May and June were frustrating, a few tracks, two homesteads burned, but the Indians were long gone before they ever got there. A trickle of new men had shown up, and the company was slowly getting back up to strength as the hot weather rolled in. Danny, Allen, Ramirez, and Victor had started sleeping outside to escape the heat, only going in the tent if it was raining, which wasn’t often.
Hunting was becoming a full day evolution, sometimes two days to find meat for the camp, and Danny was taking longer and longer shots on everything, including turkeys. Captain Carlson had made a deal with somebody, and they were getting a cow a week now, so there wasn’t as much pressure on him to hunt. Ramirez was teaching him how to braid a riata, and trying to teach him how to throw it, sometimes with hilarious results, like the time he inadvertently lassoed Logan when he released a little late. Logan had been…less than complimentary, to put it mildly, especially since it was done in front of Lieutenant Donovan and the rest of the squad.
In mid-July, Logan caught Danny early in the morning. “Boyle, the captain wants you to go out with Sergeant Roche. They are two people short, and we’re supposed to get three new rangers sometime this week.”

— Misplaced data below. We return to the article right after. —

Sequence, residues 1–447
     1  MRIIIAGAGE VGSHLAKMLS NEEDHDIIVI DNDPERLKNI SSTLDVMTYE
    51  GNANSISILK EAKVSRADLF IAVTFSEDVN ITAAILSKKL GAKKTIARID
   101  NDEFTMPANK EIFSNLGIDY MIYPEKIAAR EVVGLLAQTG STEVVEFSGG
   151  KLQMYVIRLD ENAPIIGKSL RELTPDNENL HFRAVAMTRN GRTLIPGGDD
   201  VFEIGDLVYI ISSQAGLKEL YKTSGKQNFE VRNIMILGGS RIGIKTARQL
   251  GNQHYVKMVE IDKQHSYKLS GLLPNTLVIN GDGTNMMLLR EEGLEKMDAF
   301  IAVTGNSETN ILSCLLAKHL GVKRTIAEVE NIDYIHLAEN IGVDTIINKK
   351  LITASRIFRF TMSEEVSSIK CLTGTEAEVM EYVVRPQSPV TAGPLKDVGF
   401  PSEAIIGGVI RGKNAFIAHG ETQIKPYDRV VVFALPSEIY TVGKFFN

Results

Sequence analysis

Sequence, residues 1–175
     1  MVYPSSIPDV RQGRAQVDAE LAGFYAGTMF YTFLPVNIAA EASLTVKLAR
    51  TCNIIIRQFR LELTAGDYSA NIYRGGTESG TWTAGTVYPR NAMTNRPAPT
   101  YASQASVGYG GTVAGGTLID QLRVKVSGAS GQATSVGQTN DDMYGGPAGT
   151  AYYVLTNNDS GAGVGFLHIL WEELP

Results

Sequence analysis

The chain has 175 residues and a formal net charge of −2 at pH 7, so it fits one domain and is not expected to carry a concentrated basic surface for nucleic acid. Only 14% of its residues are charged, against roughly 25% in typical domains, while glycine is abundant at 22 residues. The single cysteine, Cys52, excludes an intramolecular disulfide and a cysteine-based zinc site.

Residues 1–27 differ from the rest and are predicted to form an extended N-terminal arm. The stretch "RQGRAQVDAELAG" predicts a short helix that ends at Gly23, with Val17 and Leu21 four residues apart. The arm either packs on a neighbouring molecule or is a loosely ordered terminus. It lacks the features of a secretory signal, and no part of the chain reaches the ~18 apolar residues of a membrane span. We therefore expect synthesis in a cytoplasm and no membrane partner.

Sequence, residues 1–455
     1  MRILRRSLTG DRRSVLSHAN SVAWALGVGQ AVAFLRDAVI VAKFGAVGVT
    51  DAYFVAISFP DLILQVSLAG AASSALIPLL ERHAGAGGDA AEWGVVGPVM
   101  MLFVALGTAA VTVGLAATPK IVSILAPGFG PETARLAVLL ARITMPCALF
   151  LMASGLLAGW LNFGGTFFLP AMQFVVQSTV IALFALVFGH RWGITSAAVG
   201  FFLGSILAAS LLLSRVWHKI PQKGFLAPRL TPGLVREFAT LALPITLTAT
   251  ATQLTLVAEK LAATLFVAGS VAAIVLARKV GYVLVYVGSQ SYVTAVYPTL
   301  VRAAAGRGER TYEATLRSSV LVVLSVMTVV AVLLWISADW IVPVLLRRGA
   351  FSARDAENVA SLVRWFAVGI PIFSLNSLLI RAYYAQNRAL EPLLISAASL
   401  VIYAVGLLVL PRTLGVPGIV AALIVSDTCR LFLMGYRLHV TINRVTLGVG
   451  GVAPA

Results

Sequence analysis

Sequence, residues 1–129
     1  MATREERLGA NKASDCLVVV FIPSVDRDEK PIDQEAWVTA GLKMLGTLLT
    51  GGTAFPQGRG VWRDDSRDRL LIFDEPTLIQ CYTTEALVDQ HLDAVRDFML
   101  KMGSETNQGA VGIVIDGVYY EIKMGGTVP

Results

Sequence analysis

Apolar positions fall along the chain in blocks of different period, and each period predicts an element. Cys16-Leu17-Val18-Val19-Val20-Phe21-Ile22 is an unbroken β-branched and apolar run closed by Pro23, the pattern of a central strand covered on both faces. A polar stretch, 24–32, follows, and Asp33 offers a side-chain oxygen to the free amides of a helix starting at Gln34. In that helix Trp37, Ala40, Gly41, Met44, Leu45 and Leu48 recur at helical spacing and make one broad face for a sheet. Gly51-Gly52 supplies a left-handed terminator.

“What will I be doing?”
“I told him you’re my scout and hunter, but I don’t know where he will slot you.” Logan kicked at the dirt for a moment, then added, “I…would like your impression of his squad.”
Danny stopped and turned to him. “What?” Mustering up his courage, he said, “Is there something…wrong? I mean, we seem to get more inj…Indians than they do, and I know we’re getting more action.”
Logan spat off to the side. “Well, somebody said something to the lieutenant, and that got to the captain…”
Blowing out a breath, Danny replied, “I don’t like being a tattletale. And I only know two guys in that squad, Erickson and Zelenko, cause they’ve hunted with me a time or two.”
“Understood, but they need another man, and you’re the best I can offer. The lieutenant is out with third squad, so it’s gonna be somebody from my squad. No choice, Boyle.”
Danny grimaced. “Yes, Sergeant. When are they leaving?”